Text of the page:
Vietnam War era
Basic training is necessary to transform normal street kids into soldiers. People who know nothing of war, are snatched off the street (DRAFT), physically and emotionally brutalized to prepare them to do battle with people they have never met. i.e how do you get a perfectly normal kid from IOWA to become a raging killing machine, devoid of the fear the IOWA kid could be killed? (BASIC TRAINING)
Many young men in my company did not want to be there. But, they were too poor to go college to get deferments and likely too far away from Mexico or Canada to slip across the border. More than a handful had been told by the judge, “Go to Jail, or Join the Army!”
Additionally, there were some young men that truly wanted to be soldiers and do their duty to defend their country. (My respect and yours should be with these soldiers, especially present day!)
Then, there was me. I joined, but that is another sad sack story, totally separate from this one.
So, how does one piss off a 2nd Lieutenant, who was fresh out of the Army Officier Acadamy?
*Back troubles for me began when I was young. I found out that Full Chin ups eased them. Years later, I was good at chin ups.
*The typical young man could squeeze 3 or 4 partial or half Chin-ups.
*2nd Lieutenants demand (more than earn) your respect. They have to prove themselves to get to 1st Lt.
Basic Trainees are rousted before dawn, with Screamed words your mother would not approve of. Pygmy F…ing Whore Dogs, was one such word phrase. Both an insult to any pygmies and dogs.
Various metallic objects were thrown around for extra sound effects, before Dolby sound. 40gal Garbage Cans were very effective.
Various Trainees could be observed diving from the top bunk, where the Drill Sgt. used them for Object Training lessons. (never fun, but frequently funny. You have to get good at laughing on the inside, a talent I still carry today!)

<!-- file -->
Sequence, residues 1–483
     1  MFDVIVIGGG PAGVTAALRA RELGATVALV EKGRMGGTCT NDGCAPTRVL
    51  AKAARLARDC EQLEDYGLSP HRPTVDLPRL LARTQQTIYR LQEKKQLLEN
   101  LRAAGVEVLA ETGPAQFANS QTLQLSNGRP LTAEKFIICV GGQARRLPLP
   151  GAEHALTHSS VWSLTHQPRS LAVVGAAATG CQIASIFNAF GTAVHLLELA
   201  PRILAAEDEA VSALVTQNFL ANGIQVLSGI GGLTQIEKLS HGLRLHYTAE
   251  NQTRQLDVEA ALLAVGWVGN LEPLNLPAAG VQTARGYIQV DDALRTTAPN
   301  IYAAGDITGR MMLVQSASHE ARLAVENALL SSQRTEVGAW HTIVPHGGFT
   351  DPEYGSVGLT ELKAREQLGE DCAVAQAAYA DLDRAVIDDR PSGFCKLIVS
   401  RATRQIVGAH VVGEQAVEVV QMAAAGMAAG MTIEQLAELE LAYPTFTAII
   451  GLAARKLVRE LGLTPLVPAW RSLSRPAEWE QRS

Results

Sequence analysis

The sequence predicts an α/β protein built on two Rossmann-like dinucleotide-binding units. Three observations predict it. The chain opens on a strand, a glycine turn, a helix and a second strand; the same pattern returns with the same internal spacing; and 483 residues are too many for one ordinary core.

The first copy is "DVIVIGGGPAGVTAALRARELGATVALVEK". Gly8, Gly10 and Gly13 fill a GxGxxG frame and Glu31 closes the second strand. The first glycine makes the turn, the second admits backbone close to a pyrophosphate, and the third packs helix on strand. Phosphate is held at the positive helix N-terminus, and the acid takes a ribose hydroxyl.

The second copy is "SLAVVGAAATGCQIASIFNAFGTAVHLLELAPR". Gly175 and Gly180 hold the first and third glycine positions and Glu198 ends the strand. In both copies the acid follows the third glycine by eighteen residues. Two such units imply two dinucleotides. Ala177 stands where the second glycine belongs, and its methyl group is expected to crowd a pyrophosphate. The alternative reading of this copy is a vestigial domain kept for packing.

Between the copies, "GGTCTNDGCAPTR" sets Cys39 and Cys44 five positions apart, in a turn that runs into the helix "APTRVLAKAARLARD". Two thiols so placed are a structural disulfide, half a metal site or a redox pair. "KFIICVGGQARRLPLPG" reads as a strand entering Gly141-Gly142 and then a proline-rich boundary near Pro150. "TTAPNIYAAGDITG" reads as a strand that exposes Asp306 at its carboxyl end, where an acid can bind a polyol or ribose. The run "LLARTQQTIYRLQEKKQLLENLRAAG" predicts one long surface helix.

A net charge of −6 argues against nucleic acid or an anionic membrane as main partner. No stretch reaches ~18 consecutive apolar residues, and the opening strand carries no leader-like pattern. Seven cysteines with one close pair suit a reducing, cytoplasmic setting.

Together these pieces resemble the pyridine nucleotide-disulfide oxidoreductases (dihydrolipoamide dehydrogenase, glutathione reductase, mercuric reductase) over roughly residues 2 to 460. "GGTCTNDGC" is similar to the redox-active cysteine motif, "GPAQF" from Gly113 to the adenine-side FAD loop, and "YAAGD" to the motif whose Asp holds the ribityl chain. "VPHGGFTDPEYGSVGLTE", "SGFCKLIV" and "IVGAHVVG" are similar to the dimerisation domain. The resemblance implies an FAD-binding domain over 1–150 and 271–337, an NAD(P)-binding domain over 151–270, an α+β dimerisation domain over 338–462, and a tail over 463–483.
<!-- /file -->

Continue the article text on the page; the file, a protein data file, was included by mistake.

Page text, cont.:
Trainees in these OT lessons frequently hated their mother for allowing them to be borne alive, to be abused in this fashion.
Without question, most of the trainees questioned their sanity and why they were here! Some would think of hurting themselves to get out!
Trainees not properly dressed by the allotted time were further used as Object Training lessons. (repeated funny, not fun)
All Trainees were then rushed outside in the dark, cold, sometimes wet, to perform P.T. or physical training. Typical were sit-ups and push-ups. But, our company also had very well made chin-up bars, made for 300 pounders to hang, not necessarily to execute. Three as I remember.
Before you had morning chow, you had to replicate, by the numbers, true Military sit-ups, push-ups and chin-ups. These were not sissy PT, perfect Military Form was all that was acceptable. No one could eat till they did complete. Nor, were you allowed latrine, until you completed.
So, this particularly dark morning, with various smells permeating the dawn from the hundreds of young men and sounds caused by being routed awake for mere seconds doused in fear.
One felt the young man next to and behind you, as the tension was palatable, as Drill Sgts. ran up and down the lines finding first one face then another to scream into.